Bradshaw: Is there anything else you would like to say to writers, especially genderqueer writers of color, who are struggling to navigate their way into owning a piece of the literary world?
Hicks: I don’t think you can own a piece of the literary world. I think that you can find space for yourself in it.
I think you have to be very honest about what your end goal is. There is this trend where people are happy to be mentioned or to be on a list. But I think it is important to be honest. I’m very ambitious. When I say I want to find acclaim, it is because that means that I can provide for myself. I can support my family and my friends. That’s what all these prizes mean. Getting a prize or a fellowship means that I can live sustainably as an artist. So yes, I am ambitious, but it means that I can get there. I want to have a house. I want to have a car. I want to be able to travel and pay for myself.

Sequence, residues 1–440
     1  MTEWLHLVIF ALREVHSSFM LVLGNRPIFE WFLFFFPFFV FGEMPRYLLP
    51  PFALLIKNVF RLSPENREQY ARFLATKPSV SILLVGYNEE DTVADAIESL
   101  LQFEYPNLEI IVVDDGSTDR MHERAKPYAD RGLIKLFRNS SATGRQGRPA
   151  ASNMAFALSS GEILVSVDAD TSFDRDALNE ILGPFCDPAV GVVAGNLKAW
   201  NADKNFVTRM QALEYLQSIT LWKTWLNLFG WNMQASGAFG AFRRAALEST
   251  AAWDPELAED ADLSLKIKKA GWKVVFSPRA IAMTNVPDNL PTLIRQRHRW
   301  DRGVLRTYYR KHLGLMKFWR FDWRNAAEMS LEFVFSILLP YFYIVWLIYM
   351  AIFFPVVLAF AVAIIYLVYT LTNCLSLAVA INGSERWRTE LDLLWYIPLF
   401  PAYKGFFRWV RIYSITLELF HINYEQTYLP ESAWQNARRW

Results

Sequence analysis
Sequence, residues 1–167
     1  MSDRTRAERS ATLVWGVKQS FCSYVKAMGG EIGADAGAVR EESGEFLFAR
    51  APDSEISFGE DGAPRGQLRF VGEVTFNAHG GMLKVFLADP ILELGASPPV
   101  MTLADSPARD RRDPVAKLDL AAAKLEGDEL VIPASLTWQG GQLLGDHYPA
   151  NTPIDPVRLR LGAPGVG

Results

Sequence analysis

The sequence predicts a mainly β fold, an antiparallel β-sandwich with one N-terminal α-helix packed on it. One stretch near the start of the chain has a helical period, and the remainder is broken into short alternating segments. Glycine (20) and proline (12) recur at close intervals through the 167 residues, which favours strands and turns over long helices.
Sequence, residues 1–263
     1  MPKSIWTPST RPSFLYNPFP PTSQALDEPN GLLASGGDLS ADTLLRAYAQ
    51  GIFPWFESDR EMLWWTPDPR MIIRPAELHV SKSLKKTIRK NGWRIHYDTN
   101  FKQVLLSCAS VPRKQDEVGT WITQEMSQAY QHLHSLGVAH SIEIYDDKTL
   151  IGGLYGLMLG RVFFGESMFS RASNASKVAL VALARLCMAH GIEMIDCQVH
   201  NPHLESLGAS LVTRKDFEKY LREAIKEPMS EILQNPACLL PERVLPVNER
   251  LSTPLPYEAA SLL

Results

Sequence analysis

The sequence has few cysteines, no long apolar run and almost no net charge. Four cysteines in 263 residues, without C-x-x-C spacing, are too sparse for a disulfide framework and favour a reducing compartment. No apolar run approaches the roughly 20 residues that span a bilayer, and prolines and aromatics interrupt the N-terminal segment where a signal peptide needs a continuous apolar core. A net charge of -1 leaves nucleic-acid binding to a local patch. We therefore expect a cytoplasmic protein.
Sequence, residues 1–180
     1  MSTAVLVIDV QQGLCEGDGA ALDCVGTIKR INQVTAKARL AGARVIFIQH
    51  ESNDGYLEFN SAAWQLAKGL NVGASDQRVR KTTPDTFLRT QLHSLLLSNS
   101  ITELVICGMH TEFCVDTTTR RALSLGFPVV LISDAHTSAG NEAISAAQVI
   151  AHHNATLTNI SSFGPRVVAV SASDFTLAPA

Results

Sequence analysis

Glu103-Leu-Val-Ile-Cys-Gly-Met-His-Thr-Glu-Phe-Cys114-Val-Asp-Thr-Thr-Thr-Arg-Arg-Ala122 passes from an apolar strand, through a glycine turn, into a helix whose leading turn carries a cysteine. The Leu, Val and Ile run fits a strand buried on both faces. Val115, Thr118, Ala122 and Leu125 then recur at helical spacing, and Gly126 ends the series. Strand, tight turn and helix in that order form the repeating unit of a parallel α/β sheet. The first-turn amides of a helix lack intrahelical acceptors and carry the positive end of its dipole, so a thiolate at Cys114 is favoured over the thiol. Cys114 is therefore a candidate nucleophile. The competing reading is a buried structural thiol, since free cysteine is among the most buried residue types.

I think that some artists only want to focus on getting popular like that’s going to fix everything else. It’s not going to fix everything else. I made a book to get to my larger goal. So I would tell other artists to look to a larger goal. What does that goal look like? Then how much work are you willing to put in to get there? I’m realizing this now. The book is done, and there is a whole lot of work left. But I didn’t go into this just to have a book. It’s not just about the literary world. Focusing on just the literary world is restrictive. There are a lot of people who have a big name that do not have their livelihoods together and are very unhappy. I think that having a bigger goal is very important. You will influence the communities that look like me. You have to think about how your work will affect them.
Faylita Hicks’ book, Hoodwitch, was released on October 15th from Acre Books. It is currently in its second printing.